09/18/08: Cockrell Offers Tearful Apology at Sentencing
12/28/07: Killer Dogs Tried to Attack Third Victim
11/01/07: Video: The Press Conference of the Double Fatal Attack
09/14/07: Up to 5 Dogs Involved in Fatal Attack
Labels: Truth Distortions
| 7/22/2009 8:16 AM |
Just check the history channel for a write up and there is a short blurb. Don't like the sound of it because it is a takeoff on "feral" dogs rather than on pits. If that is the case, then we really do need to write. And it is under Monster Quest.
| 7/22/2009 9:33 AM |
According to one of the articles cited, I think we can add this judge, Livingston County Circuit Judge Stanley Latreille, to the list of pit bull protectors.
The family was very upset at the short jail time he gave out. Diane Cockrell also got special allowances, like being able to put off her jail time.
I'm sure Cockrell is already out, and probably breeding more pit bulls.
| 7/22/2009 9:36 AM |
From the History channel description, they talk about "packs of feral dogs" attacking people.
The problem we have in our country is owned pets- breeding animals, fighting dogs, and pit bulls owned by the naive population.
They are the ones killing and attacking.
Not feral dogs!
| 7/22/2009 11:22 AM |
We are aware of the feral dog issue. We do not know how the makers of the show will fold in the Livingston, Michigan tragedy, except that it was a "pack attack." We understand that the show will cover the feral attack of Rodney McAllister in St. Louis. 10-year old McAllister was killed March 6, 2001 by a free-roaming pack of dogs and partially eaten. Memories of the McAllister case were revived on July 21, 2003 when 3 free-roaming pit bulls severely injured Ealgie Edwards, 55, just six blocks from where McAllister was killed. Coincidentally, two years later (May 2005), Lorinze Reddings, 42, is killed by his two pit bulls inside his home. Theresa Williams, the director of humane services at St. Charles County Animal Control, unleashed a huge distortion to the U.S. public by blaming the Reddings attack on "pack mentality" in hopes of whitewashing genetic pit bull aggression. The Reddings attack involved two "very well cared for" family dogs with regular visits to the vet that were inside the home and not roaming!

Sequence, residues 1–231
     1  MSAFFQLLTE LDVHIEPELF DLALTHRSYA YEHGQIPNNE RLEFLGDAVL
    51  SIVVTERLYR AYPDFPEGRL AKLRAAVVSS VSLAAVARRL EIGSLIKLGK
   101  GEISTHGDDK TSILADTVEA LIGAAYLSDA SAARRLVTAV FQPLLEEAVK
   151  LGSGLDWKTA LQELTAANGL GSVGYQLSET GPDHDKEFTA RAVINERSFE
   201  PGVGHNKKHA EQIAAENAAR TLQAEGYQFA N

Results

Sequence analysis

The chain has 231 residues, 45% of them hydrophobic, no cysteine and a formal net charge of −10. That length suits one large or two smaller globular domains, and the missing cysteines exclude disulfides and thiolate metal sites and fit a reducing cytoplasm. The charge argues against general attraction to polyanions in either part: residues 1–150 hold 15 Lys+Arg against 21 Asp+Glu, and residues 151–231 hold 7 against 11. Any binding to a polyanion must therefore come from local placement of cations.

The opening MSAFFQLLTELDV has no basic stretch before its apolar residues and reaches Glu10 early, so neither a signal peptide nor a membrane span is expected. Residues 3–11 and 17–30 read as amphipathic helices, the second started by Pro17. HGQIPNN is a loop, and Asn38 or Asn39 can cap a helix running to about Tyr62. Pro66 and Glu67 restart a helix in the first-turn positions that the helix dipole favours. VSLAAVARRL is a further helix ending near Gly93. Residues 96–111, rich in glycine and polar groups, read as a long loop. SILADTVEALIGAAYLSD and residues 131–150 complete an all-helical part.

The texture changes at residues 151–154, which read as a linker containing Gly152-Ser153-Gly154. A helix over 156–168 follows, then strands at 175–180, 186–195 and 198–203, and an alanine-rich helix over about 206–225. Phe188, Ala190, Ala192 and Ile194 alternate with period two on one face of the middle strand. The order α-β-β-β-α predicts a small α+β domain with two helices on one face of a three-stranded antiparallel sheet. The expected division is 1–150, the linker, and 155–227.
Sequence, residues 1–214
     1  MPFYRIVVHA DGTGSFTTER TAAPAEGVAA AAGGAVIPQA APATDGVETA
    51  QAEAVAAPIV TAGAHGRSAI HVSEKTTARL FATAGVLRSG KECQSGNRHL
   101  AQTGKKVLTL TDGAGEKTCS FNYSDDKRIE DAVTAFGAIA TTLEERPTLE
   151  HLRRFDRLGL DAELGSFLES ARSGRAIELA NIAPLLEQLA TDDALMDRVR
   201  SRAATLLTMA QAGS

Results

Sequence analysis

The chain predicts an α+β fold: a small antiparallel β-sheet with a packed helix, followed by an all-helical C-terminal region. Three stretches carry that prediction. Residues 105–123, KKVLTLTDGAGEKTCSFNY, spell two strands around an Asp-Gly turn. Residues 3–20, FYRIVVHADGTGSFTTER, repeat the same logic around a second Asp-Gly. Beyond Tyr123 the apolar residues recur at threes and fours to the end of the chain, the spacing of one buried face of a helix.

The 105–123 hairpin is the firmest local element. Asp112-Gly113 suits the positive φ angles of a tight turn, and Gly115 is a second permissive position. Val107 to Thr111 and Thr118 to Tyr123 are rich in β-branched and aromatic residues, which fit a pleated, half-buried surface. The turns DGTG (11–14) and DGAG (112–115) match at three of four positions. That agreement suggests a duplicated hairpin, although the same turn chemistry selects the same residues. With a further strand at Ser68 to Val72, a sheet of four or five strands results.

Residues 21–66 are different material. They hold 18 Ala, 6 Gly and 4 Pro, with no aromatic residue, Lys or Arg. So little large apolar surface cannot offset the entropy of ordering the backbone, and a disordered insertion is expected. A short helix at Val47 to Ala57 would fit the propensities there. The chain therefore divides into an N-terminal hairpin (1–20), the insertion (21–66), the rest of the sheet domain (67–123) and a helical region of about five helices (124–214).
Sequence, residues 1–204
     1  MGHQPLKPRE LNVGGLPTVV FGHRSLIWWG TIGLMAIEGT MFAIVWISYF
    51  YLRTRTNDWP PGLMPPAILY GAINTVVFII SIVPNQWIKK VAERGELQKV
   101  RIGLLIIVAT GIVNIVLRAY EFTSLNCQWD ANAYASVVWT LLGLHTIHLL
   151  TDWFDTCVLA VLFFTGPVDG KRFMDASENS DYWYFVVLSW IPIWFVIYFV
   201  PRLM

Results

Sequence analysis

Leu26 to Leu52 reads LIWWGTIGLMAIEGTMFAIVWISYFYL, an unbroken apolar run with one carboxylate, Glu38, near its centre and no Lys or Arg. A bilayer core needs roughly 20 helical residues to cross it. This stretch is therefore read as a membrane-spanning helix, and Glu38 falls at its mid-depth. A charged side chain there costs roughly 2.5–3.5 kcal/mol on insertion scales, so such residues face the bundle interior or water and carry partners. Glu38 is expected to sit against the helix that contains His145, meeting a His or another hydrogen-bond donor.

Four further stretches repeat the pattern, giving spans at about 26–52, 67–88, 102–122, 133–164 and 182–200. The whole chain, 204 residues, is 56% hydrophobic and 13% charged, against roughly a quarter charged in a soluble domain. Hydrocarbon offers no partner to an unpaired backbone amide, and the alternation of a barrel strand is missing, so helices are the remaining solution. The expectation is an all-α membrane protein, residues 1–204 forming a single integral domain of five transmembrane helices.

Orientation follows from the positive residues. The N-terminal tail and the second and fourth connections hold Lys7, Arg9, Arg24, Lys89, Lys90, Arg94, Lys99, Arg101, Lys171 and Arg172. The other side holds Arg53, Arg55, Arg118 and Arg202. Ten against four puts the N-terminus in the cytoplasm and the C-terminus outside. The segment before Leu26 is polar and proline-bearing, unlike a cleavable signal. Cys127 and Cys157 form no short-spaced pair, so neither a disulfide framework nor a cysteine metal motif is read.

| 7/22/2009 12:48 PM |
As for packs of dogs, there are places like San Antonio Texas where No Kill fanatics have infiltrated animal control.
They fill up, warehouse animals, but don't want to euthanize so they are refusing animals and not picking up strays.
Result? More abandoned and stray dogs, and more attacks!
| 7/23/2009 8:18 AM |
I was part of a study by the Feds and when we started they were referring to "feral" dogs in the desert. It came down to that there were no such thing as a "feral" dog, only abandoned owned dogs. It is difficult to see puppies actually surviving long enough to be classified as feral, truly feral. These were stray dogs, that's all. And was I pissed at how they did this. Trapping and letting them go again, pregnant females too. This was a disgusting program, ill researched, and I am reporting them to Peta.